Good day, Readers!
I’ve been doing a lot of thinking of late. Shocking, I know. Anyway, I had been struggling with finishing the second book of a series I’m currently trying to sell, and so decided to move on to another story for a while to give my brain a break and let it figure out the story in the background while I work on other stuff.
This other project, though, is something that I’m not going to be able to sell to anyone. It is, essentially, fan fiction. Sort of. I mean, I’m absolutely using the world and assets of another thing (a video game, if you must know) in order to tell this story. It’s fan fiction. But this post isn’t really about the fan fiction I’m writing. It’s about fan fiction in general, and how wonderful I think it is (with some caveats).
We all know how incredible really good books, film and video games can be. They can swallow you whole. Just this morning, I watched a young woman reading a hard-back comic book. Despite all going on around her on the bus, she vanished into that book, forgetting the world existed. It might have been annoying to my fellow commuters, who had to maneuver around her, but I thought it was really beautiful thing to watch.
I’m sure most of us have been there, right? You can almost feel yourself vanish, when your feet lose contact with the real world and you’re whisked away to another time and place. It truly is magical when it happens.
I feel like fan fiction is really just a way to extend the magic of a story; a way for people who fell in love with it to remain in that world and play. As a writer, I think it’s absolutely the most flattering thing for anyone to want to play longer in a world you built, with the characters you created. As long as folks aren’t selling stories using your intellectual property, I really think that they ought to be permitted to play.
That’s not the only reason I think fan fiction is fantastic.
Other than feeling utterly flattered as a writer that anyone would want to play longer in my worlds and with my characters, fan fiction is a great place for young or beginner writers to hone their skills. It’s a place where they can practice writing; the craft itself. They don’t have to worry about creating worlds, which can be horribly daunting, or trying to develop magical systems, or societal rules. All the big stuff is already taken care of. Here, they need only practice the craft itself; dialogue, story pacing, plotting and so on. It’s also an enclosed sandbox in which these folks can find their voice; the indescribable thing that makes writers unique from one another.
This development of writing skills is so thorough in the fan fiction realm, that I’ve read fan fictions that are far and away remarkable pieces of literature, with some of the strongest writing I’ve read.
As to the argument that it stifles creativity, I would disagree. It’s simply developing a very specific set of skills. Also, I find it incredibly difficult to write in worlds that I didn’t develop myself. You have to have a flexibility and creativity to do so that I find difficult to access (current project notwithstanding).
Joyful Creation and Community
One of my favorite things about fan fiction is how it is just a bright, joyful celebration of art and creation. Communities are forming. People are reveling in something that has been created, adding to it with creations of their own; everything from stories, to stunning pieces of fan art, and even poetry. It’s a giant messy pile of various expressions of love for a thing.
In this glorious age of digital interconnectedness, fans from all over the world can come together to celebrate the thing they love in all the various expressions of that love. It transcends borders and even languages.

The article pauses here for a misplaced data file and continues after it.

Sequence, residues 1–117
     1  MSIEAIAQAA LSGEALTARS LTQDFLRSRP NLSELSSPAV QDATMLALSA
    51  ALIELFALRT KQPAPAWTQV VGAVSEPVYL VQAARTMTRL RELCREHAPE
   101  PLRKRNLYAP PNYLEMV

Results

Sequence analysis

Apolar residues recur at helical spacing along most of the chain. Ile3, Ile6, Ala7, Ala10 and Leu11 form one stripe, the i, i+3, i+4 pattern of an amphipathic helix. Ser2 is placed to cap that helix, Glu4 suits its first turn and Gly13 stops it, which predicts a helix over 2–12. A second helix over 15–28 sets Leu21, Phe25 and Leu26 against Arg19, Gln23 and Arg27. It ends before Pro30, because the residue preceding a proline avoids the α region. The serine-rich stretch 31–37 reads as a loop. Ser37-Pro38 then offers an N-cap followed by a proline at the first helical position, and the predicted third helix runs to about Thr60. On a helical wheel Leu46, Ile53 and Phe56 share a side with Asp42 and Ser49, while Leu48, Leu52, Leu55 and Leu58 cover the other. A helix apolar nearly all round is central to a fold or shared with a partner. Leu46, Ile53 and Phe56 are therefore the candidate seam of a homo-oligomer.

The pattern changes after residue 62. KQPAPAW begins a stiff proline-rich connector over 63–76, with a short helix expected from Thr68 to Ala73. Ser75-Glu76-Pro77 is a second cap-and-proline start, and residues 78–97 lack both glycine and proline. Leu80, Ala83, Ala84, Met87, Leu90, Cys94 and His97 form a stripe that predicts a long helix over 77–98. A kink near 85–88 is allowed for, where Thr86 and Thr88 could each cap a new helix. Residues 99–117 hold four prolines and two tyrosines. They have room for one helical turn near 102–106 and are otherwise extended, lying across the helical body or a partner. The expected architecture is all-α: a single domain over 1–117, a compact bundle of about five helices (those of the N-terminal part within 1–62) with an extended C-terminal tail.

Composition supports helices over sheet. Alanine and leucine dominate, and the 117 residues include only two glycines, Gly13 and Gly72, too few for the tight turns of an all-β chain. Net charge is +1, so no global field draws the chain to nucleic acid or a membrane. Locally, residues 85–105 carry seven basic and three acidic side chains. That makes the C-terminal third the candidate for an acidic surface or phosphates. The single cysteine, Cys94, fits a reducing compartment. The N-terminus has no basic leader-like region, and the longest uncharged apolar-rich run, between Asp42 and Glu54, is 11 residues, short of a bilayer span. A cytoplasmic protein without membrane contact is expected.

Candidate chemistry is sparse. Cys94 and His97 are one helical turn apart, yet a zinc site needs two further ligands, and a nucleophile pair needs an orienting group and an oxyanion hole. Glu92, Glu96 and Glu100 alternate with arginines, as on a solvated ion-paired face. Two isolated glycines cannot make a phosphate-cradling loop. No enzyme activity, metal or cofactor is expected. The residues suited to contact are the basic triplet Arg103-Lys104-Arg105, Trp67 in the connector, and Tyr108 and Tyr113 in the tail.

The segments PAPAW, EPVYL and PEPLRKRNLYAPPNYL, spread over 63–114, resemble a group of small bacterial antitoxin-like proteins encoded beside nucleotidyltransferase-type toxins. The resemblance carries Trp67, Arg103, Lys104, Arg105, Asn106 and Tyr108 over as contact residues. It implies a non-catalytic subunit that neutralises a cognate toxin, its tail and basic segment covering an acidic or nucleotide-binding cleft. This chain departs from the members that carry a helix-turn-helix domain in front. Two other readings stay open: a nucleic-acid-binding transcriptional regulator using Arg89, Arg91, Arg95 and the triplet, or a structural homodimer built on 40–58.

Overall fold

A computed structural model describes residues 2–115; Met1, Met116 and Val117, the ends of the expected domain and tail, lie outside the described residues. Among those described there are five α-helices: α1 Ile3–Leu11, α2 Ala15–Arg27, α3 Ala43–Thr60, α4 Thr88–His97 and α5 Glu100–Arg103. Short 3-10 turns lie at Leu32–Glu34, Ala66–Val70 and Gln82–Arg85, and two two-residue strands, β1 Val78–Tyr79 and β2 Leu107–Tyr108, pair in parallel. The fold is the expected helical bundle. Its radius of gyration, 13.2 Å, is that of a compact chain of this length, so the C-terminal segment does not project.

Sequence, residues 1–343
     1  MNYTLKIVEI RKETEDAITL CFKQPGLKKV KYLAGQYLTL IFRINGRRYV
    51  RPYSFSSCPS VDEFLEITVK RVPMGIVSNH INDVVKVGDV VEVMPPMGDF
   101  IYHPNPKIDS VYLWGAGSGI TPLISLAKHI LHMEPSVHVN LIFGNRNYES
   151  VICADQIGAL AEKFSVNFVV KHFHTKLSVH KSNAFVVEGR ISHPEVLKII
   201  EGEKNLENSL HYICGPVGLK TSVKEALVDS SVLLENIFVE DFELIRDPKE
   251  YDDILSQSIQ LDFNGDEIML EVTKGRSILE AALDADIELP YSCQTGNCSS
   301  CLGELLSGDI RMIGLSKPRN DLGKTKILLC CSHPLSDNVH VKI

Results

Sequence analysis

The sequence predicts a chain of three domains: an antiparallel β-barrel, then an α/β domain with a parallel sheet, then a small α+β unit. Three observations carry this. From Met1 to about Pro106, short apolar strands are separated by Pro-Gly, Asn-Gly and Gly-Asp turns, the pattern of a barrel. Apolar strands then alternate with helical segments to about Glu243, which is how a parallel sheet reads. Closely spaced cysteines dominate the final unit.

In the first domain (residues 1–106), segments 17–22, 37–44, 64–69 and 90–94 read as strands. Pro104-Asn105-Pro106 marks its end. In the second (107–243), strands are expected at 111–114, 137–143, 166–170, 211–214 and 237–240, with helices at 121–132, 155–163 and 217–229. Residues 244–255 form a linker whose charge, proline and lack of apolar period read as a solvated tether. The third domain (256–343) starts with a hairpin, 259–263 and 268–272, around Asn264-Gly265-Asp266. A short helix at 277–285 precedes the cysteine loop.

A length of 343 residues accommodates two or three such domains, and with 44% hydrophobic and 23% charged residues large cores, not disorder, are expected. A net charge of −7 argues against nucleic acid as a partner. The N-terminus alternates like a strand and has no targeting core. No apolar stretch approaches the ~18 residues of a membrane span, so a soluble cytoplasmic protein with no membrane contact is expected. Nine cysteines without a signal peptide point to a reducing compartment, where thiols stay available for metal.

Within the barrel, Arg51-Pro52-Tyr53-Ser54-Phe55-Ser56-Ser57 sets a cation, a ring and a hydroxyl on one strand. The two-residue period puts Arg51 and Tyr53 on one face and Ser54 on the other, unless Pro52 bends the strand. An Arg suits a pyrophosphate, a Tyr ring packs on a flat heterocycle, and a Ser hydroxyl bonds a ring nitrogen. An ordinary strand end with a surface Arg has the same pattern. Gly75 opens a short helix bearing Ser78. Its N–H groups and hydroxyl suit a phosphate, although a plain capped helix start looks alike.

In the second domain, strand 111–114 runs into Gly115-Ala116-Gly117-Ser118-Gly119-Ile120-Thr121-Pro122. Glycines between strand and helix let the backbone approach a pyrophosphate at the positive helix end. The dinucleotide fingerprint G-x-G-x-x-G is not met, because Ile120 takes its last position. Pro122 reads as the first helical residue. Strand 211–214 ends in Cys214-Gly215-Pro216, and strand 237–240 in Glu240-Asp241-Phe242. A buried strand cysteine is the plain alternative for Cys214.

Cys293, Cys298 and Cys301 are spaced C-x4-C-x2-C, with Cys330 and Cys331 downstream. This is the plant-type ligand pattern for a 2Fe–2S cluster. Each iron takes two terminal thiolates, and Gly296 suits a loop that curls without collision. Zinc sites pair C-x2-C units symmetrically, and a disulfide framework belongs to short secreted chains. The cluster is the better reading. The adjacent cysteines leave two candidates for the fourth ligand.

The original work is the seed, and from it has blossomed community and creation. I think that is absolutely beautiful.
Some fans can get quite toxic, it is true (and I would also argue a difference between passionate and toxic… that said, some fans do get quite toxic), but that is on the individual doing the toxic things, and certainly isn’t any one fandom as a whole.
I think, though, that there is one, most compelling reason as to why I adore and respect fan fiction.
Opportunity for Representation
Representation matters. It is an unfortunate fact of life currently, even in the year 2020, that marginalized folks are still often ignored by mainstream media. Disabled, queer, and people of color find themselves barely even in the background of all kinds of media, let alone front and center of heroic narratives.
Fan fiction gives these people a place in the worlds that they love. Disabled writers, queer writers, and writers of color can insert themselves, or characters like them, into these worlds, making a space for people like them where they might have been ignored.
This lack of representation is, incidentally, the main reason why shipping is so popular (shipping, for those not in the know, is a thing that fans do that combines characters of an I.P. into romantic partnerships that aren’t canon in the original work) in my estimation. Many pieces of fan fiction revolve around these ships, and many of them are wonderful to read.
This fact alone has made fall in love with fan fiction. I am absolutely stoked that people are able to carve out a place for themselves in worlds they love where folks like them might otherwise be missing. I think that’s something worth pursuing.
Now, as a caveat, I don’t believe that folks who are utilizing other people’s I.P.s should be making money off that without the relevant permissions. That’s not cool. But everything else about fan fiction is, in my mind, at least, quite lovely (and there are genuine rippers of stories out there written by fans, so let’s not discount their skill or story-telling abilities).
So, those of you who engage in writing or reading fan fiction, you needn’t feel guilty or bad. This author, at least, thinks you’re great.